An attorney has an ethical obligation to his or her client to represent his or her interests, and zealously defend their legal rights. Part of the many obligations that come with practicing law are limits on potential conflicts of interest. Your attorney should be focused on you only, not taking your case or working on it in a way that helps others or in a way that improperly enriches him or herself.
If you believe your attorney has a conflict of interest in your case or otherwise committed legal malpractice, get in touch with our firm today by calling (610) 550-8042!
What is Considered a Conflict of Interest in Pennsylvania?
There are several rules of professional conduct for Pennsylvania lawyers that cover conflicts of interest and potential conflicts of interest, what they might be, how they should be handled, and exceptions to the rules.
There are literally pages and pages of rules and explanations regarding conflicts of interest. We've provided a breakdown of these rules below:
- An attorney shouldn't take a case where the attorney has multiple clients whose interests may oppose each other. The same rule provides exceptions, including when the representation isn't prohibited by law and the clients aren't making claims against each other in the same case and each client gives informed consent to the representation.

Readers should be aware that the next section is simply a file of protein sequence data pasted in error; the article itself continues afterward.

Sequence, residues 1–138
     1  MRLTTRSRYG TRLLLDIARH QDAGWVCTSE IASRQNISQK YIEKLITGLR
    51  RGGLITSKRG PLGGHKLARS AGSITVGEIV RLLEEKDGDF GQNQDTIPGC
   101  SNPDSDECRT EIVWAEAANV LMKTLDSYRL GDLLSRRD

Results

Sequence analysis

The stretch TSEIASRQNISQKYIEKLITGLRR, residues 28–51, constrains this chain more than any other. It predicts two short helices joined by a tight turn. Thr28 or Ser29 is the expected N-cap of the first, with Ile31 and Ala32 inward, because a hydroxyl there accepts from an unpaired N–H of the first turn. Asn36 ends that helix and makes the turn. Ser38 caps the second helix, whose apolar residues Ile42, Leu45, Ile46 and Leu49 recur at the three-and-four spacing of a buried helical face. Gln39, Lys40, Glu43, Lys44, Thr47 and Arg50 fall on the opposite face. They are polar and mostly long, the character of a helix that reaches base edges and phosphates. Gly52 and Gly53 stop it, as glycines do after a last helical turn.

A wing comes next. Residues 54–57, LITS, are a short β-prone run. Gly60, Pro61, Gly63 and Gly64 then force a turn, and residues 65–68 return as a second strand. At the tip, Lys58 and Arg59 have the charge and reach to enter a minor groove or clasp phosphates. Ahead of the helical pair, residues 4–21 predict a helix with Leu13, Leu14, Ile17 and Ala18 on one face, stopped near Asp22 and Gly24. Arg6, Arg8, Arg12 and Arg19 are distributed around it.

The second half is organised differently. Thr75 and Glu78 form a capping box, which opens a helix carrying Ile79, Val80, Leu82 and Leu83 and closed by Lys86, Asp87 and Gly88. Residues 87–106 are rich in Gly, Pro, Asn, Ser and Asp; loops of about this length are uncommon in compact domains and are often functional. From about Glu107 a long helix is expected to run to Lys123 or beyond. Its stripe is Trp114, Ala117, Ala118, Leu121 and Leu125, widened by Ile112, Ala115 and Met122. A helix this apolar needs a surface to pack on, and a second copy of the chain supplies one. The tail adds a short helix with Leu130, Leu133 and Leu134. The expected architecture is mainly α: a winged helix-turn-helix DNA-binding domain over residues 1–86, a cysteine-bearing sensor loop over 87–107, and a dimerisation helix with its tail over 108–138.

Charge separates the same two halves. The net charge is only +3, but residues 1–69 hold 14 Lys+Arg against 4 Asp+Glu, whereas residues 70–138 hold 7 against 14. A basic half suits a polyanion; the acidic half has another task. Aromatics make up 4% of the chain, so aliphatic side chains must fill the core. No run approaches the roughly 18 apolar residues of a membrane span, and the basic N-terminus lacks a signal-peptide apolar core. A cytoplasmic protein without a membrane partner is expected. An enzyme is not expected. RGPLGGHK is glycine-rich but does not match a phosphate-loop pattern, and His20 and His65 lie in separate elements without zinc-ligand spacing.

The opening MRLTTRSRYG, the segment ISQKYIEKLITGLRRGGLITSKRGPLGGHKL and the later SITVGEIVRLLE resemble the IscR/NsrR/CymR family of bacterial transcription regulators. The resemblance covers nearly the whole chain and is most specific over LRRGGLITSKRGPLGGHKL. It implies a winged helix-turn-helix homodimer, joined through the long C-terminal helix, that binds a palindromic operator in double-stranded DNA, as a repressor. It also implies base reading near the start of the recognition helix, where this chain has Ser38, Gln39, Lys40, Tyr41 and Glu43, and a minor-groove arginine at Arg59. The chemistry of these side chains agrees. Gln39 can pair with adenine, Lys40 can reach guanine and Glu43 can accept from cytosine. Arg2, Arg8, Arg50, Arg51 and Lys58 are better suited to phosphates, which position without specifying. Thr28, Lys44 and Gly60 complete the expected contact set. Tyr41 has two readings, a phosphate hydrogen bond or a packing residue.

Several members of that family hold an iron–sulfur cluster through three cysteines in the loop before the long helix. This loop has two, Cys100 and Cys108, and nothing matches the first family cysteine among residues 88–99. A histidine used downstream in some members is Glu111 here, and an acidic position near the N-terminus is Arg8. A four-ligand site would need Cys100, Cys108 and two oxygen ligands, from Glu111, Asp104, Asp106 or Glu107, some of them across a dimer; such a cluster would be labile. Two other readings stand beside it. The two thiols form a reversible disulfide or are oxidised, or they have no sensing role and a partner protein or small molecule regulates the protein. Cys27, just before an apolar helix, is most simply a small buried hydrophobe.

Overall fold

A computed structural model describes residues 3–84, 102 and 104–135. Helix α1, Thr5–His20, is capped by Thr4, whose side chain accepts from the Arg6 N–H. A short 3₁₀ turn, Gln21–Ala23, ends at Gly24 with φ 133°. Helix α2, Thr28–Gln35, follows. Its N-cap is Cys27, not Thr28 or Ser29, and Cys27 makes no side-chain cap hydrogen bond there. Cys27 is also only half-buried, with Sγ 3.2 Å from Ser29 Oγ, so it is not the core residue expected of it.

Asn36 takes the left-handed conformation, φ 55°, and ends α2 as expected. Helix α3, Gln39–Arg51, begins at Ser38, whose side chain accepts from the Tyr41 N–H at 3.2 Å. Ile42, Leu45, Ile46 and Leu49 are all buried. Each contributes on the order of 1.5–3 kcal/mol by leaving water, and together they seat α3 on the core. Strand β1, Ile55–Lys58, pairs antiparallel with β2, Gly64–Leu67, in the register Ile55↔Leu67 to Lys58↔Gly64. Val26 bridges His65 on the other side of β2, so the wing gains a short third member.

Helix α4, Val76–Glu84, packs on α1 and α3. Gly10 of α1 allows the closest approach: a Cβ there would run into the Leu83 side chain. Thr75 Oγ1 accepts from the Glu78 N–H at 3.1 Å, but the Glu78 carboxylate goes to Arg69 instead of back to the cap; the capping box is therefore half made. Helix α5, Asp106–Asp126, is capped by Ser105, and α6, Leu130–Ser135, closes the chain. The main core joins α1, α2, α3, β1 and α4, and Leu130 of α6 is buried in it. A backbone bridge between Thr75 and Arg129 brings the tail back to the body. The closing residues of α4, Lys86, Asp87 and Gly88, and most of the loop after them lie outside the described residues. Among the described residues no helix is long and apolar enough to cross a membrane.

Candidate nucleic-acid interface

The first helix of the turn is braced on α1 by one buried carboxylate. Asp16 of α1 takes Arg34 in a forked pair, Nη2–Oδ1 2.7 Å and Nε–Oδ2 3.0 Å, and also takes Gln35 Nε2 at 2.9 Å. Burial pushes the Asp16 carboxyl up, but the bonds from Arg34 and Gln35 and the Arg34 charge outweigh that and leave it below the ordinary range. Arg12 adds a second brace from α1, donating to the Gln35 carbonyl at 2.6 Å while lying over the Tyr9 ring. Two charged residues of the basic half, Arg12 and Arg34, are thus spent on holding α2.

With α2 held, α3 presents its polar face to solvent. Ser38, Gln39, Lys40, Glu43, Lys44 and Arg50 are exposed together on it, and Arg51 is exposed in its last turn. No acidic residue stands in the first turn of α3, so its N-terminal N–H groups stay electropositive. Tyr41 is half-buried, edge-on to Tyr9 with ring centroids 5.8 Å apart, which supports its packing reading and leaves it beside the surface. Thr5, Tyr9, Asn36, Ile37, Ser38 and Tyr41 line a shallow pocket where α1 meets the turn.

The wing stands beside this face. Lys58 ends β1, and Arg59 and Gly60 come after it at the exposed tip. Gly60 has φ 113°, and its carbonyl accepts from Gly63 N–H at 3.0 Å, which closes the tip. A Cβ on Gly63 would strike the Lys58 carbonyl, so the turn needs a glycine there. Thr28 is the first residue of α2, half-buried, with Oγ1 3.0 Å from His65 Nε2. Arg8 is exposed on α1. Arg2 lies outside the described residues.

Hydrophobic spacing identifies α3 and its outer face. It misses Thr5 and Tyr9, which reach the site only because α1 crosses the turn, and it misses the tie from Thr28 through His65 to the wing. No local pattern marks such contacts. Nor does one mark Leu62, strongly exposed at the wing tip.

- An attorney shouldn't be involved in a business or contractual relationship with a client, with exceptions.
- A lawyer can't put his own interests ahead of the client's interests. An example is the prohibition against making an agreement with the client that could limit the client's future ability to sue for malpractice unless the client is independently represented by another attorney when making the agreement.
- A lawyer is barred from using information relating to the representation of a client to the client's detriment "unless the client gives informed consent, except as permitted or required by these rules." Why a client would agree to that, your guess is as good as ours.
- The rules also cover avoiding conflicts of interest with former clients. A lawyer who had represented a client in a matter "shall not thereafter represent another person in the same or a substantially related matter in which that person's interests are materially adverse to the interests of the former client unless the former client gives informed consent."
- There are also potential conflicts of interest if lawyers working for the same law firm are representing parties with opposing interests in a case.
If your attorney may have violated his or her duty to avoid conflicts of interest and you believe you suffered as a result, you may have a claim for legal malpractice against the attorney. Applicable rules can be convoluted and interpreted in different ways in a given situation. So it's a good idea to contact us so we can talk about your case, how malpractice law may apply, and your best options to protect your rights.